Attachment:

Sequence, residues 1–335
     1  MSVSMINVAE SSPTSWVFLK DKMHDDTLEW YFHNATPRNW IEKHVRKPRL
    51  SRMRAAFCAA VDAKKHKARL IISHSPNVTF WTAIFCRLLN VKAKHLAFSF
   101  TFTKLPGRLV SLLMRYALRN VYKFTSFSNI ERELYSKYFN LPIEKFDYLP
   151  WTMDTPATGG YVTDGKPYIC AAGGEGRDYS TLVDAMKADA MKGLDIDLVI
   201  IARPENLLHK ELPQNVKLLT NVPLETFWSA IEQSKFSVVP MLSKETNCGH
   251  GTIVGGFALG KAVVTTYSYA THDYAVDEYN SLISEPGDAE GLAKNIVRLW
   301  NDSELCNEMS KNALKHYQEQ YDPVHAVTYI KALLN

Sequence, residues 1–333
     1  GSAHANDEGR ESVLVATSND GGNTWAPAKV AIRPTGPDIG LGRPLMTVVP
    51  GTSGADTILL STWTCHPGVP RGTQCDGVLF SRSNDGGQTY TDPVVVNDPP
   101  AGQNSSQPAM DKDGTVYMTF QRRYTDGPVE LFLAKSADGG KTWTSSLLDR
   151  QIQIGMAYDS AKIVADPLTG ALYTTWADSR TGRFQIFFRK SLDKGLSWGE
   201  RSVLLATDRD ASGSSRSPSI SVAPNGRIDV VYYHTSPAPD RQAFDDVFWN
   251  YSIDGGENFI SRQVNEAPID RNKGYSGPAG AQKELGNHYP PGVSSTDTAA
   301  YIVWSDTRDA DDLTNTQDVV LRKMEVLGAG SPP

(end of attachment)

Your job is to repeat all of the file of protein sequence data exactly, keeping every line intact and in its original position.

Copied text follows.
Sequence, residues 1–335
     1  MSVSMINVAE SSPTSWVFLK DKMHDDTLEW YFHNATPRNW IEKHVRKPRL
    51  SRMRAAFCAA VDAKKHKARL IISHSPNVTF WTAIFCRLLN VKAKHLAFSF
   101  TFTKLPGRLV SLLMRYALRN VYKFTSFSNI ERELYSKYFN LPIEKFDYLP
   151  WTMDTPATGG YVTDGKPYIC AAGGEGRDYS TLVDAMKADA MKGLDIDLVI
   201  IARPENLLHK ELPQNVKLLT NVPLETFWSA IEQSKFSVVP MLSKETNCGH
   251  GTIVGGFALG KAVVTTYSYA THDYAVDEYN SLISEPGDAE GLAKNIVRLW
   301  NDSELCNEMS KNALKHYQEQ YDPVHAVTYI KALLN

Sequence, residues 1–333
     1  GSAHANDEGR ESVLVATSND GGNTWAPAKV AIRPTGPDIG LGRPLMTVVP
    51  GTSGADTILL STWTCHPGVP RGTQCDGVLF SRSNDGGQTY TDPVVVNDPP
   101  AGQNSSQPAM DKDGTVYMTF QRRYTDGPVE LFLAKSADGG KTWTSSLLDR
   151  QIQIGMAYDS AKIVADPLTG ALYTTWADSR TGRFQIFFRK SLDKGLSWGE
   201  RSVLLATDRD ASGSSRSPSI SVAPNGRIDV VYYHTSPAPD RQAFDDVFWN
   251  YSIDGGENFI SRQVNEAPID RNKGYSGPAG AQKELGNHYP PGVSSTDTAA
   301  YIVWSDTRDA DDLTNTQDVV LRKMEVLGAG SPP